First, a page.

Managing Director, Cambridge Rare Disease Network
Few rare diseases have a treatment, small market size, lack of information and low awareness can hinder progress. Can we build the right networks to contribute to developing new treatments?
Of the thousands of rare diseases currently identified, around 10% have an approved treatment. It is a significant health issue when orphan conditions affect approximately 30 million patients or around one in 17 people in Europe alone. Lives continue to be impacted by illness and unacceptable, untimely death.
The complexity of developing treatments
There are a myriad of challenges in developing treatments for orphan diseases. Low awareness of rare conditions is common amongst the public and health professionals. Additionally, there is an inherent economic conundrum where the market size is small. A company developing a treatment may find it hard to cover its costs unless the drug carries a very high price tag. Low geographically scattered patient numbers can blight clinical trials and regulators still favour endpoints compared to placebo groups.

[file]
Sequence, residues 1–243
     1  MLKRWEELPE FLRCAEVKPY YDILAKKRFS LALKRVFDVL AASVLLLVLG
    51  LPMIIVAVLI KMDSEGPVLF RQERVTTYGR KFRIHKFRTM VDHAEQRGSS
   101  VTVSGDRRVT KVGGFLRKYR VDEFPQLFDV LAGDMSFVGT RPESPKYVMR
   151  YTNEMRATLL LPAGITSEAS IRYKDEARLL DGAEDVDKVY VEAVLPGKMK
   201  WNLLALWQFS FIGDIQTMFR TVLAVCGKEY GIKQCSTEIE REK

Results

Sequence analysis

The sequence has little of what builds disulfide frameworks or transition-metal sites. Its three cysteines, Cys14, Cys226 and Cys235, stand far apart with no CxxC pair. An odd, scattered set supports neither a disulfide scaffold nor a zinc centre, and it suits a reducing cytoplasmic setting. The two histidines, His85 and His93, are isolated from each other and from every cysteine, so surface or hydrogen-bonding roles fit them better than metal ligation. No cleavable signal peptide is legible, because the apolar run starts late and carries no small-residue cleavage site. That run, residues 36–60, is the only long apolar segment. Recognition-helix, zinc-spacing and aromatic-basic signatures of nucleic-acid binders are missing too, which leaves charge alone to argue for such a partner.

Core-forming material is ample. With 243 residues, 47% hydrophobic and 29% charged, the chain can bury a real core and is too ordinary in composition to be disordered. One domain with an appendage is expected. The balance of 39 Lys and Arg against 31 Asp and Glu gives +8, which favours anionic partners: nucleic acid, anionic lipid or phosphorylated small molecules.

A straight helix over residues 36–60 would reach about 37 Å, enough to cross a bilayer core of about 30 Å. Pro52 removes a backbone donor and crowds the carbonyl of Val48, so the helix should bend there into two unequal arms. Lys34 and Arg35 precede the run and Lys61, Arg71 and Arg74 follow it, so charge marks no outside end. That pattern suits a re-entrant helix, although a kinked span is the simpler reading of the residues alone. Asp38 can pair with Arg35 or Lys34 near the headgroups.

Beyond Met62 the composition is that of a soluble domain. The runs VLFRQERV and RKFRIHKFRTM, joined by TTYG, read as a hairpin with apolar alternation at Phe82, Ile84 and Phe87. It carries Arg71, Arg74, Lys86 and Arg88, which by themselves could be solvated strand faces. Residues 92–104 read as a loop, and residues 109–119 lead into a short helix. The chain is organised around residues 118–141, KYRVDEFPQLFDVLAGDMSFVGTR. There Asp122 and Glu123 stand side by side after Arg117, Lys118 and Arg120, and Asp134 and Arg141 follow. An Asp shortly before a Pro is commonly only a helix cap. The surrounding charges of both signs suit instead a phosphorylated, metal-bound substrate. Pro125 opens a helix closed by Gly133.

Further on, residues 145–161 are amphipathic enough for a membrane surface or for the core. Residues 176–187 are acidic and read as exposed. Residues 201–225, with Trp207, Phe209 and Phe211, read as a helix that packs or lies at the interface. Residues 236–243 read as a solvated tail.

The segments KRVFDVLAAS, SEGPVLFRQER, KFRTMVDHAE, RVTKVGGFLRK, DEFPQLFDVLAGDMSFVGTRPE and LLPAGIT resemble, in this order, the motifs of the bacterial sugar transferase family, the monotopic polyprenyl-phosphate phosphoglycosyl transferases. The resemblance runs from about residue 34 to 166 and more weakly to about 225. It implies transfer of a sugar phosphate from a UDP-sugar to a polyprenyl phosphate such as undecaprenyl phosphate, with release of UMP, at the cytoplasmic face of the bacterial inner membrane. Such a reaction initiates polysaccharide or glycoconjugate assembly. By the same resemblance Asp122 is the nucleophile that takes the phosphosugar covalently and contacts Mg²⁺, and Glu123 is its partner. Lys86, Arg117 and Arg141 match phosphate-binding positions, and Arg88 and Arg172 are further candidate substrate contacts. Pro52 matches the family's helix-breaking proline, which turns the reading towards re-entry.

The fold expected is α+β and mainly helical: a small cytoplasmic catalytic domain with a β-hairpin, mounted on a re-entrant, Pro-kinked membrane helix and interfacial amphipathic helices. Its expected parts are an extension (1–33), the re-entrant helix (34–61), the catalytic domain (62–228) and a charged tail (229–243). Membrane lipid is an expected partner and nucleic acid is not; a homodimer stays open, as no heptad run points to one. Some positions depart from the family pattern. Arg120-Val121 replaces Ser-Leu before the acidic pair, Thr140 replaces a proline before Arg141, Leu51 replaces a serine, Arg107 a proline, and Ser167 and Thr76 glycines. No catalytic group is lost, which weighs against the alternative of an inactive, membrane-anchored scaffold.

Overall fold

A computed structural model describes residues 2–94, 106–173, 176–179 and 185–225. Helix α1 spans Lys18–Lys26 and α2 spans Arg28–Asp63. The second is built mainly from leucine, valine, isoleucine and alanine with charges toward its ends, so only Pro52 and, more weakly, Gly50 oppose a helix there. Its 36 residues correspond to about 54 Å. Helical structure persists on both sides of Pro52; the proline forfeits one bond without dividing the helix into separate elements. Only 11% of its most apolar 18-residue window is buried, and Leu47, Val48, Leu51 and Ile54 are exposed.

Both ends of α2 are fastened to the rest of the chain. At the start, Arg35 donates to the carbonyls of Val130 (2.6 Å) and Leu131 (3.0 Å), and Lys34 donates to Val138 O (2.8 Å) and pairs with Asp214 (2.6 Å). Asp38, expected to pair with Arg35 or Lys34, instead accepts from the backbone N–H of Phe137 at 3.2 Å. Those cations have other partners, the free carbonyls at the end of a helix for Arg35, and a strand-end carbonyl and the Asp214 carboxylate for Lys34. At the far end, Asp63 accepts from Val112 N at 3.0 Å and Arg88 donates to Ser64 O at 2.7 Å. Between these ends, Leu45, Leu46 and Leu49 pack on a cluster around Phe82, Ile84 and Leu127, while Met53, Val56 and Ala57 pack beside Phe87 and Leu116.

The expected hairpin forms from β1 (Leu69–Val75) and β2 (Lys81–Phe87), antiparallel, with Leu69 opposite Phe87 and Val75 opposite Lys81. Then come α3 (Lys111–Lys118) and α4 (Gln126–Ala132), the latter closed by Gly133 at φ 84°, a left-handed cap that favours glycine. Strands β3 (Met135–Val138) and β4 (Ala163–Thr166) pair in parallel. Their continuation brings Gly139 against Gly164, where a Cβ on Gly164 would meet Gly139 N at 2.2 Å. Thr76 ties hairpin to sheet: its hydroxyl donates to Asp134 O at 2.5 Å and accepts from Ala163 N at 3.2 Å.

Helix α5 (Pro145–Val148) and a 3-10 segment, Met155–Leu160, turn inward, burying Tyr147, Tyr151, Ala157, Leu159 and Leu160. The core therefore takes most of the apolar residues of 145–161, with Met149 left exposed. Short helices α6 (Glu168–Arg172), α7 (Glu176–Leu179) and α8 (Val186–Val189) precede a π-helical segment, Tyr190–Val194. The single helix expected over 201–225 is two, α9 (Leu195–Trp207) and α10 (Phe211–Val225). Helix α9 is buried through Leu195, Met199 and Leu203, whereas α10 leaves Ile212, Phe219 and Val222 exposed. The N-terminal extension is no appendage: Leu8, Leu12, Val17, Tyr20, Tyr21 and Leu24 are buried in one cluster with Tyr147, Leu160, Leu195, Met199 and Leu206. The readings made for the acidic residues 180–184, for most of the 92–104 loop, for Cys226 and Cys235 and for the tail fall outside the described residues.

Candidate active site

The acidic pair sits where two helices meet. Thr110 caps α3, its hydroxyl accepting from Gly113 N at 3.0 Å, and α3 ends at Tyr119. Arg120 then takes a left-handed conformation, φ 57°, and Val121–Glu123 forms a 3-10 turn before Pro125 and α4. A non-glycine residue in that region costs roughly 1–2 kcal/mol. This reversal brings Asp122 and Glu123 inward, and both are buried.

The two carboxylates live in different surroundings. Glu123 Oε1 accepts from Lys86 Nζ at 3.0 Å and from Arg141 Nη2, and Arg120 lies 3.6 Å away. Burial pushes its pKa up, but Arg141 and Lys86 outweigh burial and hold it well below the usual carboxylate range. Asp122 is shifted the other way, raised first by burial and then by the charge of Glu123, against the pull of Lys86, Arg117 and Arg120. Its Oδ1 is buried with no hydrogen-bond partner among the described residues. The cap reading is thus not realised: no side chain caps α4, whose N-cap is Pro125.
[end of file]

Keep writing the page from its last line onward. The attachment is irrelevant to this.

We believe that the whole drug value chain, from scientific discovery to development to access, should be considered as a whole to ensure that the right treatment gets to the right patient at the right time for the right price.
Collaborating for improved outcomes
As an organistion, we recognised the potential for our networks to collaborate, to drive improved outcomes for rare disease drug development and through this our Companies Forum evolved. This is a progressive group of industry leaders from pharma, biotech and healthcare who meet to exchange ideas and develop a joined-up approach for supporting and influencing drug development strategy with patient groups, for patients.
In rare diseases, there is a wealth of unmet therapeutic needs and limited resources available. We realised the need to avoid duplication, minimise inefficiencies and look beyond the few rare diseases currently receiving the most attention. We believe that the whole drug value chain, from scientific discovery to development and access, should be considered as a whole to ensure that the right treatment gets to the right patient at the right time for the right price.
Capturing the patient perspective
We are great believers in the power of patient voices to help the industry overcome the above challenges – and by this, help make treatments possible for their conditions. We have welcomed advocacy groups to share their unmet needs with our Companies Forum members, recognising that they have become essential in creating transformational therapeutic advances and increasingly they want to be involved in the drug development process earlier and more often.
Together, we can tackle the challenges of developing treatments for the 90% of patients living with rare conditions head on.